Ching-Han Yu

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Recently, we reported that an initial decrease followed by recovery of food intake was observed during four days of amphetamine (AMPH) treatment and suggested that these changes in response were mediated by changes in neuropeptide Y (NPY) and proopiomelanocortin (POMC). Here we investigated if Y1 receptor (Y1R) and/or Y5 receptor (Y5R) might be involved in(More)
Neuropeptide Y (NPY) and nuclear factor-kappa B (NF-κB) are involved in regulating anorexia elicited by phenylpropanolamine (PPA), a sympathomimetic drug. This study explored whether NPY Y1 receptor (Y1R) is involved in this process, and a potential role for the proopiomelanocortin system was identified. Rats were given PPA once a day for 4days. Changes in(More)
Hypothalamic neuropeptide Y (NPY) and two immediate early genes, c-fos and c-jun, have been found to be involved in regulating the appetite-suppressing effect of amphetamine (AMPH). The present study investigated whether cerebral catecholamine (CA) might regulate NPY and POMC expression and whether NPY Y1 receptor (Y1R) participated in activator protein-1(More)
BACKGROUND AND PURPOSE Appetite suppression induced by amphetamine has been attributed to its inhibition of neuropeptide Y (NPY) neurons and activation of pro-opiomelanocortin (POMC) neurons in the hypothalamus. This study examined whether STAT3 was involved in these actions of amphetamine. EXPERIMENTAL APPROACH Rats were given amphetamine daily for 4(More)
One of the important factors in aging is oxidative stress and aging-related disturbances are believed be ameliorated by antioxidants. Diosgenin is a bio-active ingredient of dioscorea that is widely used in Chinese medicine, shows anti-oxidant activity and improves some aging-related deficits in senescent and menopausal animals. We compared alterations in(More)
Phenylpropanolamine (PPA)-induced appetite control is associated with oxidative stress in the hypothalamus. This study explored whether hypothalamic antioxidants participated in hypothalamic ghrelin system-associated appetite control in PPA-treated rats. Rats were given PPA daily for 4 days, and changes in food intake and the expression of neuropeptide Y(More)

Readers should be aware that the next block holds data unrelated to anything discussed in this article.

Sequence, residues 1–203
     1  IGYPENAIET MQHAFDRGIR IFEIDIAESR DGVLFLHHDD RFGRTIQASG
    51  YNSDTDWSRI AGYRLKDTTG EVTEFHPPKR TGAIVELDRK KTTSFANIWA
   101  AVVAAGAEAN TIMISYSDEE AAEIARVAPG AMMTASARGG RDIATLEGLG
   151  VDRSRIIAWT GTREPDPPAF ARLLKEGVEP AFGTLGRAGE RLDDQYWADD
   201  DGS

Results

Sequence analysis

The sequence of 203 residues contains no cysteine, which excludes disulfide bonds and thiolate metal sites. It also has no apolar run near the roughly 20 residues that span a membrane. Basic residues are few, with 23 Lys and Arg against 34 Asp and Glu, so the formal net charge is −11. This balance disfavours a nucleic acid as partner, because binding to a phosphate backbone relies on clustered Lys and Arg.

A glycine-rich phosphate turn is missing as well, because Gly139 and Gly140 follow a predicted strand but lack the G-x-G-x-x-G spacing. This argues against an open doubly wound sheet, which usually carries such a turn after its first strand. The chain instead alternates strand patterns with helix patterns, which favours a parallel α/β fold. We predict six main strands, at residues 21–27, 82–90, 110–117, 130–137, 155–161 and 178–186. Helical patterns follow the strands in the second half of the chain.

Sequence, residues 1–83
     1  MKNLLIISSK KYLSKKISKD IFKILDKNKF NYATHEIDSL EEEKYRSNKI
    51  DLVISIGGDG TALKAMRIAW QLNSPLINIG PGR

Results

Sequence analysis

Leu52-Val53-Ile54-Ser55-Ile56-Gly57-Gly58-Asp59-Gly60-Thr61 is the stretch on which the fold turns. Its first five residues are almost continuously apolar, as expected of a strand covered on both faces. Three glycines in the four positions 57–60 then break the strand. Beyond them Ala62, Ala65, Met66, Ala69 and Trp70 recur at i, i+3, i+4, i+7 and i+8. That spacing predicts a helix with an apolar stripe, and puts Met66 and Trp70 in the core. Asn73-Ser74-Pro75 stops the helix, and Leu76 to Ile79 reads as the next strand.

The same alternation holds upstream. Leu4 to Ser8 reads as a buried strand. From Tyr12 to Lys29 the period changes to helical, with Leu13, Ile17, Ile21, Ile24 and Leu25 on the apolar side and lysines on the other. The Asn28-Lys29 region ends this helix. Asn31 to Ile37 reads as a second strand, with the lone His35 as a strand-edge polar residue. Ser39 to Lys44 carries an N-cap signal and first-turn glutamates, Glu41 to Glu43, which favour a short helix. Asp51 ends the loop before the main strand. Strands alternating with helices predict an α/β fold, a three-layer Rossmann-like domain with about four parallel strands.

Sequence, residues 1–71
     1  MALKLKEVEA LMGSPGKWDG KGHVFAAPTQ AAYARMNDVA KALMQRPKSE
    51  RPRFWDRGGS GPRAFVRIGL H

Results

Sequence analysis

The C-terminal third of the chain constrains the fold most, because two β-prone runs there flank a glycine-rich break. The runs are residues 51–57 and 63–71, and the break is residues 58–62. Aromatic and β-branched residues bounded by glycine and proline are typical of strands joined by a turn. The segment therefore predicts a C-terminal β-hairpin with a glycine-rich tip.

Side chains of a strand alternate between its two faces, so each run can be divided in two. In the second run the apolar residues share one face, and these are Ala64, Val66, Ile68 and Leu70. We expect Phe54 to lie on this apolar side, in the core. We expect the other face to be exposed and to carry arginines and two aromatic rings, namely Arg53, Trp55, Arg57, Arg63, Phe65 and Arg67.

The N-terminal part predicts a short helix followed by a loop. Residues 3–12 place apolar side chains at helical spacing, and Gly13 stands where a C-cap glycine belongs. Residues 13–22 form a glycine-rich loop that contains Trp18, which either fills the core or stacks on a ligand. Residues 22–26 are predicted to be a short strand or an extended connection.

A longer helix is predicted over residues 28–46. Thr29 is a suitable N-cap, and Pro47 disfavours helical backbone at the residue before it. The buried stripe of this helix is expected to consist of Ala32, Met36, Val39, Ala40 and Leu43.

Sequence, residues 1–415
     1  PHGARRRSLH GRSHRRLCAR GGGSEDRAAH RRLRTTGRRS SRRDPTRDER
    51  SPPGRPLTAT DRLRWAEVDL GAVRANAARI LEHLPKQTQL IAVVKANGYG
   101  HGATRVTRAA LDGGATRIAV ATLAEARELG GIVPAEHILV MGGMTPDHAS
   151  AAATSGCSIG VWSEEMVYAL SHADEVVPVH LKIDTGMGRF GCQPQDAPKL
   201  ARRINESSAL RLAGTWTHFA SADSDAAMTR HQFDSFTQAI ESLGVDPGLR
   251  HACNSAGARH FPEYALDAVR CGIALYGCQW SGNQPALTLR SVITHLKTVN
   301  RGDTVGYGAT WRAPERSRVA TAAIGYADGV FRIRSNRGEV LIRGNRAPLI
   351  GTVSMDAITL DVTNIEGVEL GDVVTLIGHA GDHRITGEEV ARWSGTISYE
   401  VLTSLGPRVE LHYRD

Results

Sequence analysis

Amphetamine (AMPH)-induced appetite suppression is associated with changes in hypothalamic reactive oxygen species (ROS), antioxidants, neuropeptides, and plasma glucocorticoid. This study explored whether ROS and glucocorticoid response element (GRE), which is the promoter site of corticotropin-releasing hormone (CRH) gene, participated in(More)
Amphetamine (AMPH) treatment can suppress appetite and increase oxidative stress in the brain. AMPH-induced appetite suppression is associated with the regulation of neuropeptide Y (NPY) and cocaine- and amphetamine-regulated transcript (CART) in the hypothalamus. The present study explored whether antioxidants, including glutathione S-transferase (GST) and(More)
Amphetamine (AMPH)-induced appetite suppression has been attributed to its inhibition of neuropeptide Y (NPY)-containing neurons in the hypothalamus. This study examined whether hypothalamic cocaine- and amphetamine-regulated transcript (CART)-containing neurons and NPY Y1 receptor (Y1R) were involved in the action of AMPH. Rats were treated daily with AMPH(More)
Twenty to thirty percent of patients with Parkinson's disease (PD) suffer from not only motor disorder, but also symptoms of dementia, named Parkinson's disease dementia (PDD). Cognitive deficits in PDD include memory, recognition, and attention. Although patients with PDD show fluctuation of internal attention when taking an attentional test, they perform(More)